Are You Headed To France This Summer?

If you’re visiting France this year or any time from now on, you should make sure that you are aware of the new driving rules that are now in use in France if you are planning on driving during your trip.

Next weekend will be one of the busiest for British holidaymakers as they head abroad fr the school summer holidays.  France is one of the most popular destinations for families too with it being cheap to travel to and being home to Disneyland in Paris among many other reasons.

Many families travelling to France find that it is cheaper and more convenient to drive to France and to use their own vehicle, which makes it even more important to be aware of these rules so that you don’t find yourself with expensive and unexpected fines.

New Speed Limit

From July 1st, the speed limit has changed for secondary D roads.  Previously, the limit had been 90Kph or 55mph but this has now been reduced to 80Kph or 50mph.  If you are found to be breaking the speed limit, the maximum fine is $750 or around £670.

Mobile Phones

This may not be such a difficult law to abide by as it is one that we are already used to in the UK.  Driving whilst using a mobile phone is illegal.  It is actually illegal to even have your engine running whilst you are using a handheld mobile phone.  If you must pull over to the side of the road or even in an actual parking place to use your phone, you must make sure that you turn off the engine to avoid the fine.  Better still, just put your phone away until you have completed your journey.  Not complying with this law will land you with a €135 or £120 fine!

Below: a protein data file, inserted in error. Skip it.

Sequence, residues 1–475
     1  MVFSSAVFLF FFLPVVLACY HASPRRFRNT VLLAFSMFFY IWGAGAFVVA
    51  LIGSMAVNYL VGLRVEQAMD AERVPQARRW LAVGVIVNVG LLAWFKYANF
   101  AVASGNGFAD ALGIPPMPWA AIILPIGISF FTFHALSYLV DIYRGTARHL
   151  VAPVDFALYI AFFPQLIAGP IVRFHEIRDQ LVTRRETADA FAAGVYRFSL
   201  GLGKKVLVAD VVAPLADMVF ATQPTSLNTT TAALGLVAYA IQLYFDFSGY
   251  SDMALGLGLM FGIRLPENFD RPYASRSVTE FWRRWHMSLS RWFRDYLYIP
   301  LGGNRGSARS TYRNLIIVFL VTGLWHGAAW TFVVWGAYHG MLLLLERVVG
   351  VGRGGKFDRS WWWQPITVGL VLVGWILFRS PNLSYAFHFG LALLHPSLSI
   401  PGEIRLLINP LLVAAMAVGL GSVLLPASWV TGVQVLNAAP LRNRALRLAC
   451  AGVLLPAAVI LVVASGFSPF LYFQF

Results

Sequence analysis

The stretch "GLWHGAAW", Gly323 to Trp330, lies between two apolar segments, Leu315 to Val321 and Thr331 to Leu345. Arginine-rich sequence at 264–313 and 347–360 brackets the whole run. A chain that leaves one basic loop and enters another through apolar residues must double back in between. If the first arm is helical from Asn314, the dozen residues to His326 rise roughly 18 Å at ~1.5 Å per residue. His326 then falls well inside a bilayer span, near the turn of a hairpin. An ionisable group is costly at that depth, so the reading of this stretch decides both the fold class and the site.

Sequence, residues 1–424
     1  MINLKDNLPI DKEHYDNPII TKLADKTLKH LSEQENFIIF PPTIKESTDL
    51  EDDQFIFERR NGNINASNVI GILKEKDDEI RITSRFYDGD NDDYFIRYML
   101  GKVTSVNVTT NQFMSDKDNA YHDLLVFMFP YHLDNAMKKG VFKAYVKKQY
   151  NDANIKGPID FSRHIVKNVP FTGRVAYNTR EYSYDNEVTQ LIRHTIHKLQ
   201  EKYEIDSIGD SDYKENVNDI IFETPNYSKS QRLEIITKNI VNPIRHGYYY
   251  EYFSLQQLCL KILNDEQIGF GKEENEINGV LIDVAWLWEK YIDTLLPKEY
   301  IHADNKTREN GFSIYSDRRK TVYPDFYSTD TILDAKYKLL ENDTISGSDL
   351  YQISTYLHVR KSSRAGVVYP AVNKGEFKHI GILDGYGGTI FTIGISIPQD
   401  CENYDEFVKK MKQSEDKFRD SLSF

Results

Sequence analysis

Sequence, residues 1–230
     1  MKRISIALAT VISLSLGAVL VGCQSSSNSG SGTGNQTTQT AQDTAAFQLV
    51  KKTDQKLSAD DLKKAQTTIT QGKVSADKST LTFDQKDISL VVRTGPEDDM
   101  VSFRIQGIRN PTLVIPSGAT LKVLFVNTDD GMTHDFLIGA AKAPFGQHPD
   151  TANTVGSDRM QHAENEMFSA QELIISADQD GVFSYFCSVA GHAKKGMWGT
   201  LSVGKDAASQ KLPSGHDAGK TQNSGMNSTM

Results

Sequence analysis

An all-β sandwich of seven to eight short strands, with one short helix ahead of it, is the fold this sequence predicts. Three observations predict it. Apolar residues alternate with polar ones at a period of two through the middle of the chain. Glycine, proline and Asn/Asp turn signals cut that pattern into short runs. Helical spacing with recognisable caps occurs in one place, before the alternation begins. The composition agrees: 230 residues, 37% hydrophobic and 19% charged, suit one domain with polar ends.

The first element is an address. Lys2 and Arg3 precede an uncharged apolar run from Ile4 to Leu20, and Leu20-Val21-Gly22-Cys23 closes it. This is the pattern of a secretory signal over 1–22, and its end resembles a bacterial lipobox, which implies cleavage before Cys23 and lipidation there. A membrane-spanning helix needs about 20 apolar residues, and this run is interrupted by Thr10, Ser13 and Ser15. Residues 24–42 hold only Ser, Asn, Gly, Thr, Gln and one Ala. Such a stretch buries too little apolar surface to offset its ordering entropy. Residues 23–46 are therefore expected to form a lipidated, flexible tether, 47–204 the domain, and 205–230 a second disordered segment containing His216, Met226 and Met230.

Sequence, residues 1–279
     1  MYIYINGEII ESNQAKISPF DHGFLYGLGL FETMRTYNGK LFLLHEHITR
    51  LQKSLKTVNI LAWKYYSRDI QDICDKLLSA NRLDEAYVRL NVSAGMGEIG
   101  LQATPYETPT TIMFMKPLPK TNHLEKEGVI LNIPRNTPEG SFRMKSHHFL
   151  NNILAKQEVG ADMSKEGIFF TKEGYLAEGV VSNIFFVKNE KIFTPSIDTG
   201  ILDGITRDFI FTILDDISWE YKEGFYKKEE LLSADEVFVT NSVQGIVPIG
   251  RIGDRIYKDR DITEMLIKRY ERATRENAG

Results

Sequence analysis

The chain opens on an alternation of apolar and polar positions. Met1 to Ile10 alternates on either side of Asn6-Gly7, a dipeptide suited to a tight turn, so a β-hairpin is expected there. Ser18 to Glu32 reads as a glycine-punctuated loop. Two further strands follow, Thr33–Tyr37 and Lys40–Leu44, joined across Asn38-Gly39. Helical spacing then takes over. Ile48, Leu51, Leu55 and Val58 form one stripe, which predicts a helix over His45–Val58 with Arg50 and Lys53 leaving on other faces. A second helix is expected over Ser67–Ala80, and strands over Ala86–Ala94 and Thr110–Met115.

It is also illegal to wear headphones whilst driving on the D roads in France.  Although this sounds a little extreme, it is a necessary move to implement these 3 driving restrictions due to the numbers of fatalities on the D roads in the country.

If you are new to driving in France, you may find that it is a little easier to follow these new rules as you won’t be familiar with the old ones.  If you’ve been driving in France for a while, you may need to exercise a little more caution whilst driving.  Look out for signs so that you are aware of the speed limit.

Emergency Number

If you need to contact the emergency services in France, remember that it is 112.  Lots of tourists incorrectly believe it to be 111 like it is in the UK, so remember the different last digit if you do find yourself in need of the emergency services on your travels.